I find myself reading things about artists. Mostly comments from my Editor, but weird texts in general. I don’t hang much on message boards, but sometimes I wander into the depths of the Internet just to see what it holds for me. Usually I come back with a hangover and red eyes.

I don’t pan artists or their field. Every work has their place in society, and artists hang in the cultural department quite a lot. As an entity, an artist is meant to do art and I do not mean this in any art is in the eye of the beholder way. No, I mean actual art that is sculptures, paintings, and all that high end art. A video game developer is not an artist, neither is a businessman or a blogger.

The reason people call people who are not artists as such can be found in the Industrial Revolution. Before that artisans and artists were a closer entity. The game changer was industrialisation, which allowed mass production of goods that werepreviously made by craftsmen, who also at this point were very close to artists we think nowadays. Prior to the Revolution an artisan made a cup and painted it to look pretty. This person was both a craftsman and an artist. During the Revolution when these cups saw mass production, these craftsmen found that their cups weren’t selling enough, and that other bunch of people began to paint these mass produced cups. They could either join the factories or attack the factories, which mostly ended up in a bloody fight.

Artisans have a certain degree of license of being artistic, as do most craftsmen. However, this does not make them artists of any kind. I bring harsh words on people who act like artists, not to artists themselves.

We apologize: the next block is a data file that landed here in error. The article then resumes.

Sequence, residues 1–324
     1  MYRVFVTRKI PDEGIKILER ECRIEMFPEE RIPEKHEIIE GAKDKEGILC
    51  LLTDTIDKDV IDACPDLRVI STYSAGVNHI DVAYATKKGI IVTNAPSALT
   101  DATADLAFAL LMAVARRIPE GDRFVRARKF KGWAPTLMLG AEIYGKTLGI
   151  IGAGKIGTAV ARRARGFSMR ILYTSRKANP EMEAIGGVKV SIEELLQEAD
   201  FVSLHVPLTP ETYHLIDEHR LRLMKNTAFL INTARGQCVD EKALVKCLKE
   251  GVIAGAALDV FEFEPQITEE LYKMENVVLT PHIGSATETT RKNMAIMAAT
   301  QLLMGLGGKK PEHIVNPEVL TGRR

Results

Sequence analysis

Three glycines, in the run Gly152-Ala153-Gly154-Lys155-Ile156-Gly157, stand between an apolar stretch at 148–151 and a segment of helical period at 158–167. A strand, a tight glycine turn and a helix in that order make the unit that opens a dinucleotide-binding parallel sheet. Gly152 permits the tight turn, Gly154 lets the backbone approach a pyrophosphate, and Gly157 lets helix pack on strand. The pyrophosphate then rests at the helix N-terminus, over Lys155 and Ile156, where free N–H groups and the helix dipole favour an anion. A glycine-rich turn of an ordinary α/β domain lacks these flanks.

Artists have a freedom that I envy, but this freedom also brings a rather heavy burden that I really don’t mind not having. While I wake up in the morning and curse that I need to weld some pipes and straighten what I screwed up yesterday, an artist can just change the canvas or slap some new paint on and be done with it. I can’t do that, I need to find why things went like they went so that it won’t happen again. It’s hard, it takes time and most of the time it’s frustrating, especially in projects that are only about prototypes and proof of concepts.

Artists do not live in the real world, they live in the artscape. The population of the world allows this, and it’s good for them. Here and there artists find something to feed on, and continue living there and bringing us some great works of art. The rest of us live in the real world, where success matters. A lot of us would like to live in the artscape and some people invade this space, only to find out that what they’re doing is a long way from art and artists. It’s true that anyone can enter the artscape if they have enough money to support their visions, like some film directors and musicians, but the rest of us just watch their goings and discuss why these people put millions into projects that nobody wants.

To a large extent, artists do need to serve the public. They have a position held high, and because of this unique position in culture we expect them to give us culture back. Actual artists, the people who really do know their field, know that they have very little leeway to screw things up. They need to bring us something we need and want. If they don’t, they’ll find themselves starving and even worse; forgotten. Even artists need to follow the line of public service. Vast amount of people working as designers or whatnot follow the image of romanticised artist, and this is nothing short of sad and pathetic.

After the Industrial Revolution the traditional role of artists was shattered. Designers’ position was born in its wake. What had traditionally been a part of artists’ work was now taken to a more serving purpose. However, the general populace, either because of theirignorance or simply because they do not understand the division, still regards bulk of industries standing on art and creativity.

I’ve used the term creative industries to represent films, musics etc. This is a misnomer and I apologise. They are about creation, but only artists create. This is their blessing and a curse. I intend to produce, but unlike in creation there are levels of quality and demand I need to meet in order to stay in the business. So does everybody else who is not an artist.

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